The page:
5 Things You Need to Know About Grout for Wooden floor Tiles


Wooden floor tile is a superstar for many reasons. But one of its best qualities is how close together you can put the tile. With a minimal grout joint, you’ll have a floor that does just about everything a hardwood floor does.

This newer plank style installation does need a bit of an explanation though. Read on for the need-to-know basics.
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1. Most wooden floor tile requires a 1/8 or 3/16” grout joint.

That’s a pretty narrow grout joint. And it’s very important. Without that joint, the tile won’t be able to adjust to minuscule movements in the subfloor and you’ll end up with breakage, lippage, or an uneven surface. Use spacers to make sure you get the correct minimum grout joint. 

Check manufacturer recommendations carefully, some tile will require a different grout joint for different layouts (i.e. 1/8 for grid layouts and 3/16 for brick-joint layouts).

2. Rectified tiles allow for the smallest grout joints.

Rectified tile has very exact edges. They are smooth and uniform edges that let you get the smallest joint possible (usually 1/8 or 3/16”). Without these precise edges, much more grout is needed to even things out across the floor. This is a must-have for an authentic wooden floor tile.

3. Tiles over 15 inches—like the planks of your wooden floor tiles—are prone to lippage.

What’s lippage? According to the Tile Council of North America it is “variation in the height of adjoining tiles”. That means the corners of a tile pop up above the surface of the tiles around it. It’s not pretty. It takes a knowledgeable—even certified—tile installer to put in large format tile that won’t have a lippage problem.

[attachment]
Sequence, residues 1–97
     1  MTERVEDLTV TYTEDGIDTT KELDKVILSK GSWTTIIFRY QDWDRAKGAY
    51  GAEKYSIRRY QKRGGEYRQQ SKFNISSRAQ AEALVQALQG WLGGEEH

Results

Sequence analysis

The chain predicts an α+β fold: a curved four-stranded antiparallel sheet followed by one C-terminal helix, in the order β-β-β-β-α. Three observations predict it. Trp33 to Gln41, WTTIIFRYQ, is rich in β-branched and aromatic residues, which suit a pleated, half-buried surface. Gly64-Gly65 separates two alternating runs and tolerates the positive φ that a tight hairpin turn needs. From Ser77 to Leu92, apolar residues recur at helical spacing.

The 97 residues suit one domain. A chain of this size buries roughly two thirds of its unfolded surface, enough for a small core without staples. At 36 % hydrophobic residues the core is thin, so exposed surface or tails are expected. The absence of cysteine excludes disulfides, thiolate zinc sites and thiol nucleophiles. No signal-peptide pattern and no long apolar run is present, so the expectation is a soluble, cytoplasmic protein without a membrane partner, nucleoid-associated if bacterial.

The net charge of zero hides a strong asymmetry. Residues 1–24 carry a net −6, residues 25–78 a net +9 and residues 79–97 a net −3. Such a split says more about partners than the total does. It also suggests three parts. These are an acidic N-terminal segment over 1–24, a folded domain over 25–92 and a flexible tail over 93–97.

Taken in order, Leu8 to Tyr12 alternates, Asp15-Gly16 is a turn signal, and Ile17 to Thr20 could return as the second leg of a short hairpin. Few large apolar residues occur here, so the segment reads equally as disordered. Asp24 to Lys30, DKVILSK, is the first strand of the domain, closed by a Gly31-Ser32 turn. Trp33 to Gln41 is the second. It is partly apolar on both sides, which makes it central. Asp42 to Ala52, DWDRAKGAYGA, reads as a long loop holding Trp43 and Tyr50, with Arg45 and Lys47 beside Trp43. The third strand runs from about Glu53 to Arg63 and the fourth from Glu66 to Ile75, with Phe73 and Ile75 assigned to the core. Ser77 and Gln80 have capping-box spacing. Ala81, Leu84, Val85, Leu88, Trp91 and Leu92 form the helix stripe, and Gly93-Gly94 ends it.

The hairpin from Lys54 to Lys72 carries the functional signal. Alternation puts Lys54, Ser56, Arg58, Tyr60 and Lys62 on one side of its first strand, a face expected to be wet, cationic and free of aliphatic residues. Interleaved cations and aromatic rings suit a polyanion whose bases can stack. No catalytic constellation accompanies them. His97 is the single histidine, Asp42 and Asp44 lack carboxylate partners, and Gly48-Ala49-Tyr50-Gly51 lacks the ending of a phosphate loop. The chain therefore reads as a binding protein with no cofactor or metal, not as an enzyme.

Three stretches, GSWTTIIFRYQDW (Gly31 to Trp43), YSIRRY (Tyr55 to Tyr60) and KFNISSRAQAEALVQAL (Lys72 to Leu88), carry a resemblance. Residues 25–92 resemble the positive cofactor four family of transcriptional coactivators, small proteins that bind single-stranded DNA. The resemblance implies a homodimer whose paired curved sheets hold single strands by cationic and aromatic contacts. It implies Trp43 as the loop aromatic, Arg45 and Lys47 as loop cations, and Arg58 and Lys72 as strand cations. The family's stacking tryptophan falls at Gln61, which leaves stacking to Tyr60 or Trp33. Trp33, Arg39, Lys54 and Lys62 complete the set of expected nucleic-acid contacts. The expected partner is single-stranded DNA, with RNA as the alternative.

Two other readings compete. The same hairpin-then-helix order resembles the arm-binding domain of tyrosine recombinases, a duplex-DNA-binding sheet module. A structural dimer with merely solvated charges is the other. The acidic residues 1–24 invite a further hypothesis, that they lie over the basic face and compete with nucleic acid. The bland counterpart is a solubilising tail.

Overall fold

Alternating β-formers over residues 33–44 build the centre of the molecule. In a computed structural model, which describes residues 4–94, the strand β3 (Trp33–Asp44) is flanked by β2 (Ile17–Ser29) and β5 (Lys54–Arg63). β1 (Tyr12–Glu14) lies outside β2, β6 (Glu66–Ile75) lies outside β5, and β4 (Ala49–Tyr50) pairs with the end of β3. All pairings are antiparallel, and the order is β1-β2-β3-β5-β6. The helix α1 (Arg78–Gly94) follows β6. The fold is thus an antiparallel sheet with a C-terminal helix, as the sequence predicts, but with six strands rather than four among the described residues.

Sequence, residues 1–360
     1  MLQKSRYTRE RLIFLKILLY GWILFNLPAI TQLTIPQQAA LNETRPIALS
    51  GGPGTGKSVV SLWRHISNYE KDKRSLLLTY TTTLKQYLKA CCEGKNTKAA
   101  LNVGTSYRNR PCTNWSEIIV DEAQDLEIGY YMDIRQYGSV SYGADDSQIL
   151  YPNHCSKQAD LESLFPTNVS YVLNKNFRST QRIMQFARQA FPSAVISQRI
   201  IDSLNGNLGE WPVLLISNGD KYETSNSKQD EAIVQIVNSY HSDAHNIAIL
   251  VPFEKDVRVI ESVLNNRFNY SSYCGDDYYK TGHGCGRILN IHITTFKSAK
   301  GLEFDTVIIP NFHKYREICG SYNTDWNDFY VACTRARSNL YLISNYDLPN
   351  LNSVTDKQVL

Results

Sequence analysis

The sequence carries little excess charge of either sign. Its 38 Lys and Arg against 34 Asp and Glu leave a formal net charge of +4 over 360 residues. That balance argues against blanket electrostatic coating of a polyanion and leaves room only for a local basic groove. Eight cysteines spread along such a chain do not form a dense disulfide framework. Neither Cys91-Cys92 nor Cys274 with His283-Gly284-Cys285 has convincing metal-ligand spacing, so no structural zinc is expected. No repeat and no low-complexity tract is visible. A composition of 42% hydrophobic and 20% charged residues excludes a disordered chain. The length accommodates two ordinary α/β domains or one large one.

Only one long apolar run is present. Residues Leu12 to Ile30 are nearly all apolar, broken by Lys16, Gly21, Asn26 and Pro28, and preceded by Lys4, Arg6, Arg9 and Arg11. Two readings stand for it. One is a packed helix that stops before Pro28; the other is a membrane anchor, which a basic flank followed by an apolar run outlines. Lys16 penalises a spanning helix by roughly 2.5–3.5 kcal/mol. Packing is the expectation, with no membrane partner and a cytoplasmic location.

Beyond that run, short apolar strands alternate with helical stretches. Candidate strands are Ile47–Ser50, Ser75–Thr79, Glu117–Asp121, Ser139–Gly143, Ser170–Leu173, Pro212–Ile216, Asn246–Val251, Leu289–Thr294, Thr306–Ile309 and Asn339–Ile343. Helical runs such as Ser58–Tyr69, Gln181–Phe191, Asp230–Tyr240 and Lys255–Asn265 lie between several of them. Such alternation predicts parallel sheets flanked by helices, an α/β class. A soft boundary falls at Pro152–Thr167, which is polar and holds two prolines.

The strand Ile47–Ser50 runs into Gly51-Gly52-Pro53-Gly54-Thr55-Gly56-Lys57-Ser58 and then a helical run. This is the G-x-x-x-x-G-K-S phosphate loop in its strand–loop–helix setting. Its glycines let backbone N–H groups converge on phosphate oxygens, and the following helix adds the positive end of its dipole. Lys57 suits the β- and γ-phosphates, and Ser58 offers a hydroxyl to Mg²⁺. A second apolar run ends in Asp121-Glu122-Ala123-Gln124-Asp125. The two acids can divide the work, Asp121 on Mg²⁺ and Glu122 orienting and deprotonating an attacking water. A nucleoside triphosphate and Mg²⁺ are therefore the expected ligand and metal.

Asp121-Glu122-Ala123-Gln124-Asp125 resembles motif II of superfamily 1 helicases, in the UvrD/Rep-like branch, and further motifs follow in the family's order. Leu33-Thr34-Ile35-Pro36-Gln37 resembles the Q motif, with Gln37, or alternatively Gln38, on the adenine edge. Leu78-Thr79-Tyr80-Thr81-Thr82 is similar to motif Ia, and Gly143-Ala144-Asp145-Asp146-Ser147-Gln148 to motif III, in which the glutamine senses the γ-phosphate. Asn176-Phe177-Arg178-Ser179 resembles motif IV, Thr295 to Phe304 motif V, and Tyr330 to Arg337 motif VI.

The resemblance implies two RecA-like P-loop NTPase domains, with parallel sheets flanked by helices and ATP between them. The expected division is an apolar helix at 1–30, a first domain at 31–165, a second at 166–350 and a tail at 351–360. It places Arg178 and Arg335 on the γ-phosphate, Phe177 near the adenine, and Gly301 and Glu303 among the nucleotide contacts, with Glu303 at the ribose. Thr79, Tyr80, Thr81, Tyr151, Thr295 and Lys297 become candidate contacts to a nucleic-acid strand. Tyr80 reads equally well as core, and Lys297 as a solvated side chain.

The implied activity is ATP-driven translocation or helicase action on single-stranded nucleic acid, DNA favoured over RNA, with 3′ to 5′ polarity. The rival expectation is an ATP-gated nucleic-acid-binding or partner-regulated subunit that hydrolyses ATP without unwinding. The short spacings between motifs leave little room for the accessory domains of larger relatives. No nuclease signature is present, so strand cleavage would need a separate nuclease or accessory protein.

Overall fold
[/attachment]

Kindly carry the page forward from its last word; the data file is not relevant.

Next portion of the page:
One key is to make sure that overlap of individual tiles don’t exceed 33% when installed in a brick-joint pattern. Ask your installer about it if you have questions.
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4. Pick a grout color that blends with your tile.

Grout can take a tile and elevate it to something unique. However, with wood-look tile, you really don’t want the grout to steal the show—you want it to disappear. Since hardwood floors don’t have much of a joint, you don’t want your tile to either.

Ask a Daltile representative to help you select a grout color that will blend the floor into perfect harmony. A grout that stands out against the tile might detract from that continuous feel you’re going for.

5.    Find the right grout color for tile with high variation.

One of the most exciting developments in wood-look tile is the reclaimed style now available. The variation in color and grain is amazingly life-like. With so many shades in your tile, how do you pick the best grout? 

Match your grout to the darkest color in your wooden floor tile. Over time, the grout will naturally darken with the wear and tear of everyday traffic. Darker grout tends to hide this. Plus it won’t draw attention to itself set against your tile. 

With a little planning, you can have a beautiful, long-lasting floor that looks just like wood.


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